This weekend we sat and watched Sir Richard Branson go into space. Last year we watched SpaceX fly a manned mission to the International Space Station. Access to space is becoming ever more commonplace meaning that more ‘stuff’ will be put in space – most of it for the advancement of humankind but, inevitably, some of it won’t be.
Ensuring that the UK can put stuff into space – both in support of military missions and the wider economy – is increasingly important. So too is our ability to protect what’s up there.
And, of course, all of this gives us the leverage, at the policy level, to shape an international environment of behaviours and operating norms that deters our adversaries and lessens their appetite for engaging in deliberate disruption or denial of essential space services.
Thirdly, we’re asking Mike and his team to give us a set of sensors – from space and in the sky – that help us to see what our adversaries are doing and understand what they’re saying.
This requirement spans the full spectrum of Defence activity. Our Reaper – soon to be replaced with Protector – drones play an essential role in our effort to disrupt violent extremism and as much as we increasingly focus on systemic competition, we can’t wish away the challenge of Daesh, Al Qaeda, and their affiliates in parts of the world where the UK has a strong interest.
I’ve no doubt that these capabilities will be ever more in demand as we progress towards 2040. Indeed, I remember only too well from my own service days that you can simply cannot ever have too little ISR.
Clearly the ability to find and understand our adversaries is essential in the fight as well as well as in countering violent extremism. Indeed, I’ve heard a lot of admirals, air marshals and generals say that if you’re found, you’re dead, so whilst we’re giving lots of thought to how not to be found, we also need lots of assets to help us find the other side.
But these assets have an important role to play whilst we’re operating as well. Our adversaries try to operate below the threshold to engineer faits accompli or to threaten our strategic interests – whether that’s our nuclear deterrent or our undersea critical national infrastructure. We need to routinely fly to understand what they’re doing, where they are, and to deter them from doing it.
Fourthly, we need CAS to enable a key part of our Integrated Review proposition where we’re trading mass for responsiveness.
This means an air force that is ready to project UK hard power quickly across the globe and then to sustain that operation thereafter.
Holding combat air squadrons and army brigades at readiness is pointless, if we can’t quickly move them once the balloon goes up.
Finally, we need CAS to deliver an air force that can compete with our adversaries for influence in strategically important parts of the world and to develop the capacity of partner air forces in those regions. Some of those air forces will be peers and so that partnering is through exercising our high-end capabilities together to develop interoperability and strengthen the resilience of our alliances.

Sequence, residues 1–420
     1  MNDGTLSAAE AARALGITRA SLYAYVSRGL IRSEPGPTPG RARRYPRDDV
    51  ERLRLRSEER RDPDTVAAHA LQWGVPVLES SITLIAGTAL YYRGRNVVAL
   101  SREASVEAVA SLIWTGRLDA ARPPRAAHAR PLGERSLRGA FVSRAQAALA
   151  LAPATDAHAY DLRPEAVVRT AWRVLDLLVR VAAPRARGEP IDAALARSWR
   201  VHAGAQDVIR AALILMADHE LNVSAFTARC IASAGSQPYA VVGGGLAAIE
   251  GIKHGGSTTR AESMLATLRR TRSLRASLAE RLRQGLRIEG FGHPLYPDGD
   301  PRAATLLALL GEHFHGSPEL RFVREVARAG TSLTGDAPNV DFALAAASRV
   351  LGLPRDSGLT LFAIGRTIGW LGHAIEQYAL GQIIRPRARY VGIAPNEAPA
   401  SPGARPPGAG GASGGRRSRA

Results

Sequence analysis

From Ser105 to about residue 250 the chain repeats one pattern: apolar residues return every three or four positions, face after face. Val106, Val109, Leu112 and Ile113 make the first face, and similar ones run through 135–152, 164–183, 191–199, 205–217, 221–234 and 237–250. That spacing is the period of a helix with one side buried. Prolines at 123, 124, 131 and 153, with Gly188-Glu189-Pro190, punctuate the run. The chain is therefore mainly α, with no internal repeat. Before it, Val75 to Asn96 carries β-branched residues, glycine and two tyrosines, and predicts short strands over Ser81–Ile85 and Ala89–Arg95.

But we also need to develop the capacity of air forces that aren’t flying 5th Generation jets. And I’ve asked Mike to give some thought to how we do that. It’s an important part of extending the UK’s network of friends and allies and giving them the capacity to tackle threats like violent extremism within their own borders so that we can increasingly focus on systemic competition.
So, ladies and gentlemen, we’re not asking very much. Over the next two decades we need an Air Force that can fight and win as part of an alliance on day one and night one of any peer on peer fight. We need an Air Force that maintains that advantage through remaining on the cutting edge of key technologies like stealth, artificial intelligence, and automation. And we need that not just in the sky, but in space too.
We need to operate the world over with our allies to set patterns and to deter those seeking to undermine the rules based international system. We need to find and understand our adversaries quicker than they can find and understand us. We need to be able to project force by the air to all corners of the globe. I think that’s a hugely exciting proposition for the brave men and women of the Royal Air Force, and I want to pay tribute to their ongoing brilliance.
After nearly two years in the Ministry of Defence I’ve had the pleasure of seeing, men and women of the Royal Air Force deployed all over the world, and I am endlessly struck by their intelligence, their professionalism and their ingenuity as they seek to find new ways of operating in an ever more complex domain. I’m certain that whilst we’re asking a lot of them, and I know that it will cause the Chief of the Air Staff and his staff all sorts of things that they’re going to need to think about, the reality is that a career in the Royal Air Force has probably never been more rewarding.
I know that what we’re asking isn’t easy. That’s why it’s important to socialise the problems, and so I can think of no better environment than today’s conference for you to unpack those to think about what they mean for the Royal Air Force, and for the Air Force’s or our allies around the world. So, having asked so much of you. I’ll leave you to discuss. Enjoy. Thanks for listening.